I know that there is logic on our 7's to run the emergency lube oil pump in the event of a loss of power for the accessory pumps if bearing temperatures are greater than 250 degf, but I don't think this is an issue on the Frame 5 units since the bearings are not subject to the heat like the #2 bearing on a Frame 7. I am assuming this is a two bearing Frame 5 machine, but assuming has gotten me wrong before. My current logic for our Frame 5's does not have any logic for bearing metal temperature protection. But to be safe just stopping the ratchet sequence would save you from a major oil leak in the event of a leak in the ratchet system, but still keep oil to all bearings, as long as the leak is in the ratchet system. Like you said most other oil system piping is robust, in this case I again assume it is the pipe in a pipe confiration.

I think logic to stop ratchet if a leak is detected should be good. If you truly have an oil leak that needs to stop the ratchet or cooldown sequence then you will have to wait for the 24 hours before you try to spin the machine to protect against blade rubs. But I suspect in this case you will be unavailable to fix the leak anyway.

Good luck, let us know how you proceed.
Thanks for the input Mike. I agree that putting the wheel-space into the logic change/addition is a good idea. Yes the lube oil plumbing is a pipe in a pipe. I also agree that the ratcheting means on the units you maintain is a much improved design over the units I maintain. The units I work on have three bearings, one at the compressor inlet, one just aft of the turbine and one on the collector end of the generator. The reason I am so concerned about the number two bearing is that it is located in a recess in the exhaust plenum and is subject to a lot of heat migrating through the turbine out-put shaft after a shut-down.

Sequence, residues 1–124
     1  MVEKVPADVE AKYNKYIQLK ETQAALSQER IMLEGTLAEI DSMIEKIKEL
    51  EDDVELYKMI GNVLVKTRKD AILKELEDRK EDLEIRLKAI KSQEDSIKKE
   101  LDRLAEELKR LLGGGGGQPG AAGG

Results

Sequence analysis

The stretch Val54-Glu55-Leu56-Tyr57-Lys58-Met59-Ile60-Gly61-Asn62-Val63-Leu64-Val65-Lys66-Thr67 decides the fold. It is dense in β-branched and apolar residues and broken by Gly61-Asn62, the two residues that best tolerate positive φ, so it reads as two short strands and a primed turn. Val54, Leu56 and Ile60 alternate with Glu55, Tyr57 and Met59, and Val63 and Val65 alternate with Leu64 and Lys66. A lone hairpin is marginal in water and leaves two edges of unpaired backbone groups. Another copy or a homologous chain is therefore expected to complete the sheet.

We take the extra step of opening the breakers for the cool-down and emergency lube-oil pumps in addition to the breaker for the hydraulic ratchet pump motor. We do this because the Mark V controls are set to default to "On-Cool-Down" mode any time the controls are re-booted. There are times that the power to the Mark V is shut down for one reason or another and when the power is restored people forget to take the units out of cool-down mode and just leave. By opening the breakers this prevents the units from ratcheting for a month at a time and there-by reduces the exposure to the oil-spills.

The company I work for has a plant modification program that reviews and makes an approval or not approved decision. I am going to submit this idea to them.

I will let you know how it turns out.

Mark Allen
I'm not really familiar with these old ratchet mechanisms that don't use the self-sequencer, but I believe there is still an alarm that would be generated if the unit did not "see" a ratchet stroke after a couple of cycles had expired. The alarm message is something like "Hydraulic Ratchet Trouble".